SATHORN STANDS out in Bangkok for having successfully undergone a major realignment, shifting from a commercial zone to a lifestyle-oriented neighbourhood boasting a wide range of choices – in residences, dining options and entertainment lures – to engage travellers and locals alike, a Nation survey has found.
Throw in the BTS and MRT rail lines passing through the area, and its many art galleries, parks, museums and lifestyle centres, and Sathorn presents a winning recipe for those able to pay for it.
Take for example the Bangkok CityCity Gallery located at the heart of the district, a contemporary art gallery featuring works by local artists and performers. Minutes away is MR Kukrit’s House. Once the abode of a former Thai prime minister, it is now a heritage museum showcasing the nation’s rich culture and history.
The location also has the promise of a quiet and relaxing spot to picnic or take a stroll. Though Bangkok’s largest city park, Lumpini Park remains a tranquil place to meditate and relax. Recreationalists can enjoy rowing, cycling, paddle boating – and an outdoor gym.
For those seeking an active lifestyle, Sathorn is a clearly a prime location to invest in property.
Meanwhile, Bangkok’s highest building, MahaNakhon, is located in the zone and serves as landmark and tourist destination. It is owned by King Power Group.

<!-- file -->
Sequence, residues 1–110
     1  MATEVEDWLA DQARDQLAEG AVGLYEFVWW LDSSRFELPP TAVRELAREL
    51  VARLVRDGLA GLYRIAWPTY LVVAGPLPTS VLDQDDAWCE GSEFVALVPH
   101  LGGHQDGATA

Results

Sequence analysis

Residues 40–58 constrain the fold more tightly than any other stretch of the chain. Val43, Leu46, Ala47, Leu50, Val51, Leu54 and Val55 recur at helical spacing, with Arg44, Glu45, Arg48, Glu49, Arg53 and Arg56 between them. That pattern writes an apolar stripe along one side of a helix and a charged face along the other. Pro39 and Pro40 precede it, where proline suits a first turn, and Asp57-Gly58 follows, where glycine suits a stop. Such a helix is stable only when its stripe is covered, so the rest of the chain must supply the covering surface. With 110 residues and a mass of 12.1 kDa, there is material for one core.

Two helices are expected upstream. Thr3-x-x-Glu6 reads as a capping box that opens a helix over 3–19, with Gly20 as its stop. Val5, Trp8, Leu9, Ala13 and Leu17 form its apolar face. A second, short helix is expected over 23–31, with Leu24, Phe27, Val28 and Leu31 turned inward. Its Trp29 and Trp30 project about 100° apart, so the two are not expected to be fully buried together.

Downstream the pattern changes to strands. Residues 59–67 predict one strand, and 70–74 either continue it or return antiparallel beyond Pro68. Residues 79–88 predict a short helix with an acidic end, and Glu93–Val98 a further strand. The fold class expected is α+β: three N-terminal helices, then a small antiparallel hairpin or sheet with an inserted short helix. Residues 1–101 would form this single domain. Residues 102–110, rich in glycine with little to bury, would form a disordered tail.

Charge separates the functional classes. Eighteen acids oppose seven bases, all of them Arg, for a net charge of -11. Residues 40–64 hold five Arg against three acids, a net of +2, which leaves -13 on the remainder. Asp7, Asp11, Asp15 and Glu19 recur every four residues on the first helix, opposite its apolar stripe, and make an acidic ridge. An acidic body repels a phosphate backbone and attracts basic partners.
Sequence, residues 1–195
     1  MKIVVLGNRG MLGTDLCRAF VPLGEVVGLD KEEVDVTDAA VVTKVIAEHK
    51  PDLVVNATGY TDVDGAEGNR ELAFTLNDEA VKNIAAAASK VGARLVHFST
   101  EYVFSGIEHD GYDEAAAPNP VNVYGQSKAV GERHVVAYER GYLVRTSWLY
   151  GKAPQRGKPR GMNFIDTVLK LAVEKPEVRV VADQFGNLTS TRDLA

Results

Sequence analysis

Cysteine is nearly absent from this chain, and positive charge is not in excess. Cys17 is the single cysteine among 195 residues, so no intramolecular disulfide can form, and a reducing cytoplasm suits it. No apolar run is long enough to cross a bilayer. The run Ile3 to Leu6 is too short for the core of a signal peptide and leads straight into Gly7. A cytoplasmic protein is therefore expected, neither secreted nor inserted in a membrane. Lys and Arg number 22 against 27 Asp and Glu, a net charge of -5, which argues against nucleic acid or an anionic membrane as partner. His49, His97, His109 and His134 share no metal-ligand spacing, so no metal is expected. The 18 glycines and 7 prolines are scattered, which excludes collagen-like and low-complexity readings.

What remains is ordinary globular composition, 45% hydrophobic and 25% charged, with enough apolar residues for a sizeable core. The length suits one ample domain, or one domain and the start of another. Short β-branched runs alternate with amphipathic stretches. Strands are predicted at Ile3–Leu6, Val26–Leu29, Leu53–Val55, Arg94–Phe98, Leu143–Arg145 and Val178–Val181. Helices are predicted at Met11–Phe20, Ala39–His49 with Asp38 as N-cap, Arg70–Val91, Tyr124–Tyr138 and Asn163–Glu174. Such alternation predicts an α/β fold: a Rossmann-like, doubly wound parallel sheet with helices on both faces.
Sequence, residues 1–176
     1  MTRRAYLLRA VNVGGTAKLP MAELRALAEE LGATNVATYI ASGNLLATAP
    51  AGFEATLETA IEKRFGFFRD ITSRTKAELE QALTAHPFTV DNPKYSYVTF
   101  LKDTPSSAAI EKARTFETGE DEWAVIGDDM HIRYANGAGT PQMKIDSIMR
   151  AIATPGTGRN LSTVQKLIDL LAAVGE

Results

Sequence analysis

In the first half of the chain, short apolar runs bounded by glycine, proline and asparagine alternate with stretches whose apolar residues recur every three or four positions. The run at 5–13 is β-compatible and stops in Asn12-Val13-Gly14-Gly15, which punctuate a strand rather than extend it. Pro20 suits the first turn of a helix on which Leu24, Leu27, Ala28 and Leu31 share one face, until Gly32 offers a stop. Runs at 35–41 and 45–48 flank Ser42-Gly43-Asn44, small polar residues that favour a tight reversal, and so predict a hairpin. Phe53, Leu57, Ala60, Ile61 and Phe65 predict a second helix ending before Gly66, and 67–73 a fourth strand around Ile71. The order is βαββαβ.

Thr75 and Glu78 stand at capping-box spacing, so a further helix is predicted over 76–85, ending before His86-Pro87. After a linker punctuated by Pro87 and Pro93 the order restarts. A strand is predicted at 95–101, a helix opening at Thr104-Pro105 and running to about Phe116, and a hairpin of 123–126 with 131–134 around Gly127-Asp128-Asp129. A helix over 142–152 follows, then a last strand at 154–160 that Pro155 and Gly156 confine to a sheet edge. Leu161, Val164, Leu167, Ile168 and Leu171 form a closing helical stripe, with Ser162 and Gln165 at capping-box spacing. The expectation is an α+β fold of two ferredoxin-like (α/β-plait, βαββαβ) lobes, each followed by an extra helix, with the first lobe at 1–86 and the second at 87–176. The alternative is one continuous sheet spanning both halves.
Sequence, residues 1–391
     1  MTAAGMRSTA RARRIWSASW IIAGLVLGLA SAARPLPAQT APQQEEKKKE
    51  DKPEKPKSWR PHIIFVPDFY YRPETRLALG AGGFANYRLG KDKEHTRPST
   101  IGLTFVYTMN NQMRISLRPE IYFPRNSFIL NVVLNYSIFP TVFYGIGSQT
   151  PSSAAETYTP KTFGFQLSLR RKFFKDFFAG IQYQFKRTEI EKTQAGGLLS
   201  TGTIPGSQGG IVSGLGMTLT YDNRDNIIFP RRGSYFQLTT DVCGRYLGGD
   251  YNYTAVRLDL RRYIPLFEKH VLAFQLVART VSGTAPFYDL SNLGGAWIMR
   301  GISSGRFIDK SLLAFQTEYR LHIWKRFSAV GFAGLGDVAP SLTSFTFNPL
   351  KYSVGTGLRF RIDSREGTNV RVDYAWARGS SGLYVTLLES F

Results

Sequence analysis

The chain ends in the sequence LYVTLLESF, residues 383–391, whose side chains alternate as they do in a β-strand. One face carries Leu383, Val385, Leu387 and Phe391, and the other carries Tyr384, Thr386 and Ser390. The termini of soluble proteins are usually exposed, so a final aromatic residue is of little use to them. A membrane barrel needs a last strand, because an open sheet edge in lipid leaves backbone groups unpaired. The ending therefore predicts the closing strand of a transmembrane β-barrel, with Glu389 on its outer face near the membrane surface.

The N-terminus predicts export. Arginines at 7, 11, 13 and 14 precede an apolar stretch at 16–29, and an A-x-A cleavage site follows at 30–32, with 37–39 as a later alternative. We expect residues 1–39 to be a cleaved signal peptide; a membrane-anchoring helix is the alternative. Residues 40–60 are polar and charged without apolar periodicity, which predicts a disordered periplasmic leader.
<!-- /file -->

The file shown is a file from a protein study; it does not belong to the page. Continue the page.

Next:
“I saw ever-more change in the Sathorn area as it evolved from a traditional and community area into a commercial and luxury residential area,” resident Wipa, age 48, told The Nation in an interview.
According to a survey by Plus Property Co Ltd, Sathorn has emerged as a residential destination due to the location’s large number of offices, as well as its location close to convenient mass-transit lines that enable quick journeys to other key locations including Sukhumvit Road, Wireless Road and Silom.
With all those advantages in the Sathorn environment, it may now have surpassed other popular locations, such as Sukhumvit, Wireless, and Silom, for luxury residential choices.
Land at this location has seen a meteoric rise from an average Bt450,000 per square wah just 10 years ago to today’s Bt2 million per square wah. Even higher prices could be in the offing as demand for residential space in the neighbourhood far outstrips the limited amount of land that can be developed for residential, a recent Nation survey found.